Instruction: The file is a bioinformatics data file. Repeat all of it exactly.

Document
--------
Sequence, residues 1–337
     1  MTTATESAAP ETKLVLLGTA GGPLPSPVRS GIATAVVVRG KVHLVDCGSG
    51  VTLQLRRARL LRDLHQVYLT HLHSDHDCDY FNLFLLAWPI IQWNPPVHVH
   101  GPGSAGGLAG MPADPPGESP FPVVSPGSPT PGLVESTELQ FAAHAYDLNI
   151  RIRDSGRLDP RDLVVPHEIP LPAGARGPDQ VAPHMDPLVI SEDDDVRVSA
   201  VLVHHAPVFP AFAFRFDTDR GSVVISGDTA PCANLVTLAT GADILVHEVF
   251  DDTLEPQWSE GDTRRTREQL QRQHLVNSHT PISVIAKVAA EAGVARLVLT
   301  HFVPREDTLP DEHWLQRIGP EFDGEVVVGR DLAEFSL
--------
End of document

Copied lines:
Sequence, residues 1–337
     1  MTTATESAAP ETKLVLLGTA GGPLPSPVRS GIATAVVVRG KVHLVDCGSG
    51  VTLQLRRARL LRDLHQVYLT HLHSDHDCDY FNLFLLAWPI IQWNPPVHVH
   101  GPGSAGGLAG MPADPPGESP FPVVSPGSPT PGLVESTELQ FAAHAYDLNI
   151  RIRDSGRLDP RDLVVPHEIP LPAGARGPDQ VAPHMDPLVI SEDDDVRVSA
   201  VLVHHAPVFP AFAFRFDTDR GSVVISGDTA PCANLVTLAT GADILVHEVF
   251  DDTLEPQWSE GDTRRTREQL QRQHLVNSHT PISVIAKVAA EAGVARLVLT
   301  HFVPREDTLP DEHWLQRIGP EFDGEVVVGR DLAEFSL